Retrieving information from a qubit entering a black hole

As noted in previous posts, perhaps one of the more interesting concepts in quantum physics is the notion of information conservation in/out of a black hole. Stephen Hawking first posited that information is conserved when a particle enters a black hole, via “Hawking radiation”. This involves a particle pair (i.e. quark/antiquark)- one exits the black hole and one enters it, leading to an overall decrease in the black hole mass/black hole evaporation. This seems reasonable, but one problem remains- the information of the particle entering the black hole is somehow lost, as there is no way to observe its change.

black-hole
A description of Hawking radiation. Source: Nature

A new idea exists for the limit of one quantum particle- a qubit entering a black hole. The idea is that if one is able to observe the spin/angular momentum of the black hole (good luck with that massive object) and release a qubit into the black hole, the information of the qubit becomes entangled with the black hole’s spin. The key is that the observer must already have access to a particle that is ejected from Hawking radiation, such that this particle’s pair becomes entangled with the qubit lost to the black hole. Kinda confusing, but essentially this idea treats the black hole as the observable object when having an entangled particle enter the black hole.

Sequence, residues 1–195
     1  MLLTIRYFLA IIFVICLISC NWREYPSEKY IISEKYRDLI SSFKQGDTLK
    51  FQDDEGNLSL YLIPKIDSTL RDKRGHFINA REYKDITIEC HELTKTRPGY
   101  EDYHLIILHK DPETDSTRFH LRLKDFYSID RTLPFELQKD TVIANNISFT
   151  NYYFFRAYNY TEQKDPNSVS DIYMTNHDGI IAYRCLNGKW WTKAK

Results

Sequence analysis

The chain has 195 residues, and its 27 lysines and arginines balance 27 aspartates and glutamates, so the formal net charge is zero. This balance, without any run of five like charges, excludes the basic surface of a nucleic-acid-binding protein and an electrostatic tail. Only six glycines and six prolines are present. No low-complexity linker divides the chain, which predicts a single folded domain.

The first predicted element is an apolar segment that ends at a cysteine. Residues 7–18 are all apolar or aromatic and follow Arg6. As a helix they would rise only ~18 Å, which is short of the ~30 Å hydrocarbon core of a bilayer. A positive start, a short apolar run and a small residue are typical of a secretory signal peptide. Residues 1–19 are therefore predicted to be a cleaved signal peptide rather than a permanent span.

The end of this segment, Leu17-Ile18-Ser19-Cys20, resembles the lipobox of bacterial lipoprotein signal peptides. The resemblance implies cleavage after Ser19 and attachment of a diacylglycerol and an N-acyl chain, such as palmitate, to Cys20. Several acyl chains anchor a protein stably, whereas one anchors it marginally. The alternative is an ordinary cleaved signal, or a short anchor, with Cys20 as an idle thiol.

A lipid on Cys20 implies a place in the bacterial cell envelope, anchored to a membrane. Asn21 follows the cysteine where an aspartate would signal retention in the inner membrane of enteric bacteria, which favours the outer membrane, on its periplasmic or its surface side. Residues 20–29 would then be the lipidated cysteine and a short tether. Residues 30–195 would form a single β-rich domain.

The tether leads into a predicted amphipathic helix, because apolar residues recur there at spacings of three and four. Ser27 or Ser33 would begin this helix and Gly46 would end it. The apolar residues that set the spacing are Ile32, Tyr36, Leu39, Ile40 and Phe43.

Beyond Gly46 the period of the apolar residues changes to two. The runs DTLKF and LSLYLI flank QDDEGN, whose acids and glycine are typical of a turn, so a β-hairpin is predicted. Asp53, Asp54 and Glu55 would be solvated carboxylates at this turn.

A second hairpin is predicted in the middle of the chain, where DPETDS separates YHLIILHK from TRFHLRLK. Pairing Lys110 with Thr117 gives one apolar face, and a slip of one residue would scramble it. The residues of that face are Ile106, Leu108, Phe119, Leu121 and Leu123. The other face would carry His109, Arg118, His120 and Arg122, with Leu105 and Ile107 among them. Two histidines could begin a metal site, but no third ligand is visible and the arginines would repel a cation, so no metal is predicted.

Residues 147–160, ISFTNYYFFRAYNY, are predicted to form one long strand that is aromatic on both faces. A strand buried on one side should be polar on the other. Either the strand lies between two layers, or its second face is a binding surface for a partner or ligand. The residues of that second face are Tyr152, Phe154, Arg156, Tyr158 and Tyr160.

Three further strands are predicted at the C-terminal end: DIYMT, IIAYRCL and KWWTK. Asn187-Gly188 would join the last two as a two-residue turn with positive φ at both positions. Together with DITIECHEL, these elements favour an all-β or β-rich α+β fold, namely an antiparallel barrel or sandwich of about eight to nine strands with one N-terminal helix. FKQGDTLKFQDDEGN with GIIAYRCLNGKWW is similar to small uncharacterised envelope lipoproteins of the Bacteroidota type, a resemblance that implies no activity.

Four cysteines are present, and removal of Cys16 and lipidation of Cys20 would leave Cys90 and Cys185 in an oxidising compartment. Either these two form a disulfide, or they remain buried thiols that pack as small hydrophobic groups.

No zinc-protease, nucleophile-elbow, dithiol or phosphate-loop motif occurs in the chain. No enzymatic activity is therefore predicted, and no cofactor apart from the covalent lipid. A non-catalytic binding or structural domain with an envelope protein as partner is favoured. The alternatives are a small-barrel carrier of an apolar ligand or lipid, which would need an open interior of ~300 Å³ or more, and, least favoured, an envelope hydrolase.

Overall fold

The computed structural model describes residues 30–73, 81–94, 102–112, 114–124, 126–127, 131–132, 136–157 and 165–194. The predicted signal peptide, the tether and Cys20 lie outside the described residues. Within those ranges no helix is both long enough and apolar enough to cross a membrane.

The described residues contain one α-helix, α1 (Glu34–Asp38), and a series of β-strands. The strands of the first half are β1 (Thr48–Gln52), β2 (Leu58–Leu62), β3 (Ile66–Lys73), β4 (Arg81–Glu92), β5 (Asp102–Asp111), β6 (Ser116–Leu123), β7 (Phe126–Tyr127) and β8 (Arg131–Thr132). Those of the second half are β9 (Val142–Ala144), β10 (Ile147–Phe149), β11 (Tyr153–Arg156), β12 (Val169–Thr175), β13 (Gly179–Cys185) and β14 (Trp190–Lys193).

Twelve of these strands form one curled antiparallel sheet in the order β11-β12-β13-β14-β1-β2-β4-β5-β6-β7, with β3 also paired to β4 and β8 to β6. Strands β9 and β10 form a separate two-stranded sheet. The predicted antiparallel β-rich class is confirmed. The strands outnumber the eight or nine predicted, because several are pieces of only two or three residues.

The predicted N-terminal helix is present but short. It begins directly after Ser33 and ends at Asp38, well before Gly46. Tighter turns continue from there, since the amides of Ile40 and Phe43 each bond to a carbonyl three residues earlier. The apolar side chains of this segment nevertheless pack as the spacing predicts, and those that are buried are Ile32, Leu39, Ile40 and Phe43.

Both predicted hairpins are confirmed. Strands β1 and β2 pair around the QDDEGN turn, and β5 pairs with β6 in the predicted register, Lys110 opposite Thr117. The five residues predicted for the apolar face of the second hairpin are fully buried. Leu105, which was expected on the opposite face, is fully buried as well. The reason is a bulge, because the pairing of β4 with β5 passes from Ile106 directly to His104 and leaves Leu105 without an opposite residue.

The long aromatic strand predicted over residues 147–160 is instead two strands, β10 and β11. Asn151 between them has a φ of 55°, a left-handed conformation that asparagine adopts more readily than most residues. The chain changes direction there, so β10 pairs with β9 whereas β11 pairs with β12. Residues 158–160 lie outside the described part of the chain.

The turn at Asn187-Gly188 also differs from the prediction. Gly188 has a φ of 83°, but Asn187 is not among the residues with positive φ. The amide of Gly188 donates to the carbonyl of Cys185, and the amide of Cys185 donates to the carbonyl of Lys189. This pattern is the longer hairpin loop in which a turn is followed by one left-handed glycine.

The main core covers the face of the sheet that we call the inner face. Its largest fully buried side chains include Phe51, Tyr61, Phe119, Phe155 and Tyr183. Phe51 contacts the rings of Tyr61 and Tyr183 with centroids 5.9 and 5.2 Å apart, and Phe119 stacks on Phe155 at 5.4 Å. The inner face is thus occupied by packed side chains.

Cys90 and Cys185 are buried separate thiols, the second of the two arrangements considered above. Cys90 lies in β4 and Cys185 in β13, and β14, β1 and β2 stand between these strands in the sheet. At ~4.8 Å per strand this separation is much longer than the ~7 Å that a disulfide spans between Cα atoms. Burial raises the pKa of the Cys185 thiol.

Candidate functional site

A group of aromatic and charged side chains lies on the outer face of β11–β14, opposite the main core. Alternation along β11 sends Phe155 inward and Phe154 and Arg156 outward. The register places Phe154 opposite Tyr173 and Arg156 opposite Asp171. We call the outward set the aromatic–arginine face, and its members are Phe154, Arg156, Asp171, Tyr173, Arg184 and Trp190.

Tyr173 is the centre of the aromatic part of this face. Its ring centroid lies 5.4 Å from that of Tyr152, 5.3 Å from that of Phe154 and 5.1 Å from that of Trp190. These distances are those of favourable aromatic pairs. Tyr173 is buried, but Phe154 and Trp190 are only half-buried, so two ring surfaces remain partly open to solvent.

Obviously, this method is severely limited when considering multiple qubits, or potentially even the many states inside the black hole. What if there’s a wormhole? Or (multiverses?) Speaking of multiverses- for those who oppose this idea, Nobel Laureate (and MIT professor) Frank Wilczek notes that overall energy across universes is conserved (via the Hamiltonian), but perhaps energy leaks between universes, a theory he hopes to test soon. So… leaking information, right? Angular momentum of black holes aren’t conserved? Seems to be the logical conclusion for me 🙂

Long story short, more ambiguity, but it looks like the multiverse theory doesn’t seem as far-fetched as it did before!

Information from a black hole

Wilczek leaking energy

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